Auto Nomad In Sweden
Posted on 22nd September 2015 at 09:10 by SELTA Web Editor
SELTA member and Swedish Book Review editor emerita Sarah Death offers her reflections on something of a lost treasure in the form of Wilson McArthur's 1948 travelogue, Auto Nomad In Sweden.
I gave a copy of my translation of Göran Rosenberg’s memoir of his father, A Brief Stop on the Road from Auschwitz (Ett kort uppehåll på vägen från Auschwitz, 2012, English trs. 2014) to a local friend whose Swedish pen-friend of many years grew up in Södertälje on the outskirts of Stockholm at much the same time as Rosenberg himself. The image of a classic Volkswagen Beetle on its front cover caught my friend’s husband’s eye, and he hunted out a faded green, hardback book which he had picked up in a second-hand bookshop, and invited me to borrow it. It was Wilson McArthur’s Auto Nomad in Sweden, published by Cassell in 1948, and it proved to be a fascinating document.
Those were the days when boats for Gothenburg left from Tilbury and cars had to be slung in a harness and winched aboard, conveyed for £6 while a second-class ticket for a passenger cost £11 5s 0d single. The freelance writer from Scotland and his South-African-born wife Joan see their old Volkswagen, the trusty ‘Black Beetle’, installed on the Saga in this fashion. They have also had to follow the regulations of 1947 requiring tourists to obtain visas for Sweden and special visitors’ ration cards, and to make many other formal arrangements in advance - with which the Swedish Institute has been happy to provide help. Why had they chosen Sweden as a destination? Perhaps because it was a lot easier to travel about there, despite the regulations, than in many war-scarred parts of the continent.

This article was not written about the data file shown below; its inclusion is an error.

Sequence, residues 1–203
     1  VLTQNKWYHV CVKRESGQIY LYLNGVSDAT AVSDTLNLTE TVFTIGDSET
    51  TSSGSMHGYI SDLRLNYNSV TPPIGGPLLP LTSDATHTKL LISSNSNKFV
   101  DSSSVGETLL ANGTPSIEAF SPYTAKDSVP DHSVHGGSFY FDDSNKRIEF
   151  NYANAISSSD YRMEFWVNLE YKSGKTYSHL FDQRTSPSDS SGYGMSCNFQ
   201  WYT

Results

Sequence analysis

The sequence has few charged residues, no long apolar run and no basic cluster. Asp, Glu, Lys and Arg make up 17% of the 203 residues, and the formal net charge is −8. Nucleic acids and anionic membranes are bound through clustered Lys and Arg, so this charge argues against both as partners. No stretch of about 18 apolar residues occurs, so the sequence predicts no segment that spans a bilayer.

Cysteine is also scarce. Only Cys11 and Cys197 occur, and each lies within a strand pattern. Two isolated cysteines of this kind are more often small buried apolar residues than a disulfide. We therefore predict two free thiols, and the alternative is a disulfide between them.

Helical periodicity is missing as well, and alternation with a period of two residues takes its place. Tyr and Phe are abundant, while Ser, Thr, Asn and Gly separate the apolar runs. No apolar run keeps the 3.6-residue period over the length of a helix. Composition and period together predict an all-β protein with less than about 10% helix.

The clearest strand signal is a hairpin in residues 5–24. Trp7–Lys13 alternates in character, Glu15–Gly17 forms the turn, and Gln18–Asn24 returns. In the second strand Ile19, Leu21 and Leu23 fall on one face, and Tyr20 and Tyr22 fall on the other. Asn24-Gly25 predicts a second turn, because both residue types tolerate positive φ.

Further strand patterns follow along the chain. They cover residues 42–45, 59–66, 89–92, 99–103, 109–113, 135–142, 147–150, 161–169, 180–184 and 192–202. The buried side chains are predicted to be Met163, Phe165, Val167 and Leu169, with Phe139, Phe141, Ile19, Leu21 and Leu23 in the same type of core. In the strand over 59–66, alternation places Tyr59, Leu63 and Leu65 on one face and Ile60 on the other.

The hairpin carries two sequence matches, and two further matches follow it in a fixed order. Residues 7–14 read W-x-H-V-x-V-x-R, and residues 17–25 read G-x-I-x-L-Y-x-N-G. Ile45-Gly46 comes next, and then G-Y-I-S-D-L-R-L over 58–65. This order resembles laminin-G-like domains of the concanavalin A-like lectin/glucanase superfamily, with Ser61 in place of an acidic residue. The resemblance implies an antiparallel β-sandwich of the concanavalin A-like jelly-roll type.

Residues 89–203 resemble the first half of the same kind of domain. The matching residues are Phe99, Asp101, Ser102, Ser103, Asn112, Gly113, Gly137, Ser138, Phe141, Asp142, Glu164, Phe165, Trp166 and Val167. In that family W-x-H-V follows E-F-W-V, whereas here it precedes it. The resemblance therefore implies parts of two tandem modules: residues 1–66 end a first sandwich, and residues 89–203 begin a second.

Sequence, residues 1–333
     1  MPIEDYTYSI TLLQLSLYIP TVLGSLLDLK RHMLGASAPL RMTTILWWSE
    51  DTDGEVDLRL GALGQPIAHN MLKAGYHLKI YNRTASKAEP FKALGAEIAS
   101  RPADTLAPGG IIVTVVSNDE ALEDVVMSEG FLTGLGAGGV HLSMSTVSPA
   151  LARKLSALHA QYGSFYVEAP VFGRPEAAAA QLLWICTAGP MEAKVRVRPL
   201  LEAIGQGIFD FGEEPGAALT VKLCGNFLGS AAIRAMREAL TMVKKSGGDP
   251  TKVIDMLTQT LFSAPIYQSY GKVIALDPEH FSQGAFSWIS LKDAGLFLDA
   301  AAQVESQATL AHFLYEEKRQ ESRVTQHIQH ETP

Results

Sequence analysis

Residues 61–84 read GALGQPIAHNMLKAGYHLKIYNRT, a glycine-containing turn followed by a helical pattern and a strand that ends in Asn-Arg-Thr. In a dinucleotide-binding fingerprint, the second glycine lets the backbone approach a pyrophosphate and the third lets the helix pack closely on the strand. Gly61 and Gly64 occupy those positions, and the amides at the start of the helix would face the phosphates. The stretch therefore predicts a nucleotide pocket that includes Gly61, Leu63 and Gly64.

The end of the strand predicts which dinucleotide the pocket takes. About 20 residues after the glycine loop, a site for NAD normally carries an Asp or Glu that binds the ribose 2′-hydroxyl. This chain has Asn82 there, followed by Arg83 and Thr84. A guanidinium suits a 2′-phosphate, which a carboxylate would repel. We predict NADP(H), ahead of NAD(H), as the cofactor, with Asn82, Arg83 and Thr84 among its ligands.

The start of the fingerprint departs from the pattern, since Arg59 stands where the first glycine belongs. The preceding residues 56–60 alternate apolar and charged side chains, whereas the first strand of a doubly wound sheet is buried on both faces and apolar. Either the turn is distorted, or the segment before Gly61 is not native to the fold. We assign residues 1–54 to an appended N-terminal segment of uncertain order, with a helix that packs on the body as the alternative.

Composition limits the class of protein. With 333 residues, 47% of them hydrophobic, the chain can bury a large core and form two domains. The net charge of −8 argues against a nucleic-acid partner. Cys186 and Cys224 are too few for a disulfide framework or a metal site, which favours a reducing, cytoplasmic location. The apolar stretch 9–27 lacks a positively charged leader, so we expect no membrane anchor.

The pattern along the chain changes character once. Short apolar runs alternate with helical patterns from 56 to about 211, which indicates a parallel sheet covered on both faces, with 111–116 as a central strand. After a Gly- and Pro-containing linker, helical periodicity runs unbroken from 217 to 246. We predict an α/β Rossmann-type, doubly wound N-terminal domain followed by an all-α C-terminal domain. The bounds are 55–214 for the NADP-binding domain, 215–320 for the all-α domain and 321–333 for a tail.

Once on Swedish soil, the pair’s meandering but impressively long journey takes them from Gothenburg via Stockholm and then to all points north to the Arctic Circle, before they work their way back south by another route as the weather turns more autumnal. Being self-employed, the couple have no strict time limit on their wanderings. McArthur comments that they can stay ‘until the cash Mr Dalton allowed us to take was finished’. In other words, they were at the mercy of restrictions on exporting foreign currency imposed by the then Chancellor of the Exchequer Hugh Dalton.
The roads are often corrugated (the author’s word) and potholed, and it is a miracle that the car’s suspension survives the 4,771-mile journey he subjects it to. But despite the dismal state of the highways, the book and indeed Sweden itself seem suffused with a spirit of immediate postwar optimism, and the author expresses his admiration for many a neat, well-functioning little town, its new housing developments and other expanding industries. They also greatly admire the natural beauty of the country, with mountains, lakes and coastlines as prominently described in the text as towns, churches and castles. Flora and fauna also receive their share of attention.